If you care at all, we thought the Oscars ceremony last night was a thing of nearly flawless beauty, virtually devoid of blemish. Clean, shiny, artfully designed, and professionally hosted. There was humor, stylish top-shelf gown after gown, celebrity heaped upon celebrity, and a remarkable efficiency of execution. In other words, duller than usual. Itzhak Perlman at the Oscars?
The awards were evenly distributed, spotty, no one film hogged them all. That Crash won Best Picture over Brokeback Mountain is being called the biggest upset in Oscar’s history, though hadn’t it been a fait accompli for weeks that one or the other would win? No one spoke out against the government; in fact, Susan Sarandon was nowhere to be seen. Host Jon Stewart, usually snarkily antiestablishment, had but one radical joke: “Björk couldn’t be here tonight; she was trying on her Oscar dress and Dick Cheney shot her.” (He’ll do better next year.) Jennifer Garner tripped on her way out to present, but she recovered nicely: “I do my own stunts,” she said. Lauren Bacall, seemingly racked with joint discomfort, embarrassed herself tripping over the TelePrompTer’s introduction to a reel of film noir clips and didn’t recover, nicely or otherwise. (She’ll do better watching it on TV next year.)
The legion of show-haters were put out by its overabundance of clips, like the noirs, the gay cowboys, the dead people, et al, but we could watch clips all night, especially when they’ve been compiled by Chuck Workman. (But was there not enough time to add Don Knotts to the memorial tribute?) And yes, Lily Tomlin and Meryl Streep’s overlapping-dialogue introduction to Robert Altman’s long-overdue lifetime achievement Oscar was inspired, but the award itself seemed insulting. Oh, and Ben Stiller was funny again. And there was plenty of George Clooney, certainly the handsomest, truest movie star since Cary Grant. And Three 6 Mafia, who brought the house down (or raised its roof) with “It’s Hard Out Here for a Pimp” from Hustle & Flow, which later won Best Song, was the only winner of the night to thank Jesus for the statuette, apparently mistaking the Oscar for a Grammy in the confusion.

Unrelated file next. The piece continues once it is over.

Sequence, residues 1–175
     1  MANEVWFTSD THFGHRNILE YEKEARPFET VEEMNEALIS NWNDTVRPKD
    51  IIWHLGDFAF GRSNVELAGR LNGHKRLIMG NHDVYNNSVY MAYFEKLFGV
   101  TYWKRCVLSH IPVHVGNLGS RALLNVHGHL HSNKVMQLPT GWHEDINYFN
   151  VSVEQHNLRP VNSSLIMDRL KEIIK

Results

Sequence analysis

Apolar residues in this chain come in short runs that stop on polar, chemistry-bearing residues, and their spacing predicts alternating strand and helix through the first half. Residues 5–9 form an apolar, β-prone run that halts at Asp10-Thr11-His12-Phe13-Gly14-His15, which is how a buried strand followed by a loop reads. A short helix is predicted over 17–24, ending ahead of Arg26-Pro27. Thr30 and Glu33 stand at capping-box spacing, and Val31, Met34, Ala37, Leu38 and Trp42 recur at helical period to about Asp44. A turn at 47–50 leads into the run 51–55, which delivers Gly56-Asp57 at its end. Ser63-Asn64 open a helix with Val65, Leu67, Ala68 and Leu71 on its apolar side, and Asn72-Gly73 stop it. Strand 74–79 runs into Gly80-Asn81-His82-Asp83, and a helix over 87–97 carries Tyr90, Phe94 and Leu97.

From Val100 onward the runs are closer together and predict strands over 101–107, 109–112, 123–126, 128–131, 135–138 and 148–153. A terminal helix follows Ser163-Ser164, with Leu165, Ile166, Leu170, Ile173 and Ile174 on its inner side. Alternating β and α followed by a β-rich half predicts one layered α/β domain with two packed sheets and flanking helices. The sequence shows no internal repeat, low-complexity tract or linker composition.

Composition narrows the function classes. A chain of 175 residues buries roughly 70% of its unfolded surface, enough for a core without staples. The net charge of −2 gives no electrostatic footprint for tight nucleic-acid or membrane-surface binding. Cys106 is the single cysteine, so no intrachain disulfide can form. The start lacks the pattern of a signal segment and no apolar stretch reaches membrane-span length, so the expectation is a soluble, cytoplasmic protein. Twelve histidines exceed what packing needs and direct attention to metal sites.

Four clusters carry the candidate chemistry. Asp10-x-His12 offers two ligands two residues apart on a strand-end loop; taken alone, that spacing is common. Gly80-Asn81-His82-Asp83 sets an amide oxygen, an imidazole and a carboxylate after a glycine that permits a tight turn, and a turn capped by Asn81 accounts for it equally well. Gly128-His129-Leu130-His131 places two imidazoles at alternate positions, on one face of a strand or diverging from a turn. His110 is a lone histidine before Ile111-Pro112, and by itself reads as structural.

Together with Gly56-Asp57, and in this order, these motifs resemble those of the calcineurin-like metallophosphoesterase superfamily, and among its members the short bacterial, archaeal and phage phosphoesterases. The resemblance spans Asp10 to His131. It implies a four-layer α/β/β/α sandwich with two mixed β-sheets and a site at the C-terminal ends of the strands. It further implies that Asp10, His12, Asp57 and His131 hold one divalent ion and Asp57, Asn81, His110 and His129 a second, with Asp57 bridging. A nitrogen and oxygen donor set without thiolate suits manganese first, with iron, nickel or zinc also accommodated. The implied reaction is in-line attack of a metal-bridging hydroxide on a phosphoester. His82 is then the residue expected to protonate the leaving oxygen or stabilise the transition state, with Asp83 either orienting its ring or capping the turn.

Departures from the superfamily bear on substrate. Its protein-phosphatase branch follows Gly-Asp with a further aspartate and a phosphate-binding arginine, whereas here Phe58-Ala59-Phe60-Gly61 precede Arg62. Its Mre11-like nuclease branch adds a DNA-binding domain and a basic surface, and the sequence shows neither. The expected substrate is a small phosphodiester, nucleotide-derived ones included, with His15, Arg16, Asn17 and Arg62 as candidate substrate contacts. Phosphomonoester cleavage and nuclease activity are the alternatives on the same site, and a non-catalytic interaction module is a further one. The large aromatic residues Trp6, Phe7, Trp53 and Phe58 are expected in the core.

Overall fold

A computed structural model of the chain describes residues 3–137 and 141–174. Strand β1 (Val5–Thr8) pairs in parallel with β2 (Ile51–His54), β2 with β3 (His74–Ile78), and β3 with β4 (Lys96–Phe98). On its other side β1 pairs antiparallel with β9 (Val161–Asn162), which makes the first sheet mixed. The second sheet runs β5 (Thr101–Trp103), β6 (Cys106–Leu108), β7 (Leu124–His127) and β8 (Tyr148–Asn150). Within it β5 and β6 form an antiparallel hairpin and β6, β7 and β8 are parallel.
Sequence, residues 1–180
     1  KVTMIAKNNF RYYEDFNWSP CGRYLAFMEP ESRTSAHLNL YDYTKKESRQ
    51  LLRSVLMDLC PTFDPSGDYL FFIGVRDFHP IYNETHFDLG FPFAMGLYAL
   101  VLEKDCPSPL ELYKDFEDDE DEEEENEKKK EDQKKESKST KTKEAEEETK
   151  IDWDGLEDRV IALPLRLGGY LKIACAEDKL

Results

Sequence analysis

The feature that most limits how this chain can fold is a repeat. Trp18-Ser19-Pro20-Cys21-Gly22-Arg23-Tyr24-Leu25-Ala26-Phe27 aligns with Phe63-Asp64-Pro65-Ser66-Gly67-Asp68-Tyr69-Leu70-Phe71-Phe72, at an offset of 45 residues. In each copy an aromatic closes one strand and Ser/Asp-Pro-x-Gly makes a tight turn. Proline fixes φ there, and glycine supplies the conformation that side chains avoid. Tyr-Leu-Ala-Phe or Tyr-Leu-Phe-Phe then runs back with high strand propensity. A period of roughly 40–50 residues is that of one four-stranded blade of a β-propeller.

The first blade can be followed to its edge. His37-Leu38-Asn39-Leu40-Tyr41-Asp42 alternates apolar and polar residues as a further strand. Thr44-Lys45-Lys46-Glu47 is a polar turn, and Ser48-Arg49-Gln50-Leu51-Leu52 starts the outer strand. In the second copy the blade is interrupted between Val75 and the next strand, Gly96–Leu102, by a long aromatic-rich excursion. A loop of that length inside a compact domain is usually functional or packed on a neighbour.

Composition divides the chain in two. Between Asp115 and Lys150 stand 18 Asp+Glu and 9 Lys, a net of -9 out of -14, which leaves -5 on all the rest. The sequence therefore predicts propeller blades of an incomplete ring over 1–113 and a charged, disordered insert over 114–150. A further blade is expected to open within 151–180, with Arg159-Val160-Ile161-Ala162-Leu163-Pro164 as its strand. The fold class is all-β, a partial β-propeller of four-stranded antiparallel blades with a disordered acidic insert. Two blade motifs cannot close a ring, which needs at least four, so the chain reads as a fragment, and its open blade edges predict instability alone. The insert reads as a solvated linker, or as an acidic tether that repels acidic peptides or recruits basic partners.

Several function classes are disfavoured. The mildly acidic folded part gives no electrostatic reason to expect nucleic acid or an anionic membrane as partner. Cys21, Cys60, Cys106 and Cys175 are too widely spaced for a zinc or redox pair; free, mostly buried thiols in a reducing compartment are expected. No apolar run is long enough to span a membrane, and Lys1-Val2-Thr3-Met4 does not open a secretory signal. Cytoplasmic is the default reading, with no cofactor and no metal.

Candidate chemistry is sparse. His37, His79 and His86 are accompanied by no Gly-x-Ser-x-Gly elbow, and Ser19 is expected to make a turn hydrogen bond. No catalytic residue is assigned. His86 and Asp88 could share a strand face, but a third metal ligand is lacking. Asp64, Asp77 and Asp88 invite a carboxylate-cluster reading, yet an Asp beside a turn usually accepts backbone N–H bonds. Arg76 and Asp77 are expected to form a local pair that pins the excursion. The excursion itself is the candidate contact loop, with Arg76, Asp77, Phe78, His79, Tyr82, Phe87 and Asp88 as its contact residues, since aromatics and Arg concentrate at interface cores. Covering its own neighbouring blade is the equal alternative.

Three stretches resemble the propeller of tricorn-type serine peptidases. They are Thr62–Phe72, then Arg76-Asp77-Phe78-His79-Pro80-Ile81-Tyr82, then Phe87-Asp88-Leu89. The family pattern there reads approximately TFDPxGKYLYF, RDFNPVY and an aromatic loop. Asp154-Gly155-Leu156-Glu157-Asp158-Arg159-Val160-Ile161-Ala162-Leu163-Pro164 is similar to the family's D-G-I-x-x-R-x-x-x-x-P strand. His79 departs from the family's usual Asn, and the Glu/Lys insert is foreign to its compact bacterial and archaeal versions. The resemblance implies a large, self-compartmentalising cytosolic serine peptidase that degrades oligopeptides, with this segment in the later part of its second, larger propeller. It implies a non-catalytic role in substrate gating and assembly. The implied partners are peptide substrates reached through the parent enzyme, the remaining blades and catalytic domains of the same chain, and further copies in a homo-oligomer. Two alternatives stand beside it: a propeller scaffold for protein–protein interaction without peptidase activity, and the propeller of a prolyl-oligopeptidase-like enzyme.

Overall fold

But what we found inexplicable in all the layered pleasantness of the ceremony was the sourpuss face of Diana Ossana, co-author of Brokeback Mountain‘s adapted screenplay, which won the Oscar in that category. She could not have been more sullen, while her writing partner, Larry McMurtry, in baggy jeans, was filled with old-school joie de vivre and looked like he might dance an Ashlee Simpson jig. Later, when being interviewed by a local anus in a post-Oscar segment, an unsmiling Ossana, who looked as if she’d got a whiff of a bad smell, said her win was “bittersweet.” Is there something we can do to help?
(Now read Cintra Willson’s take on the show, at Salon.)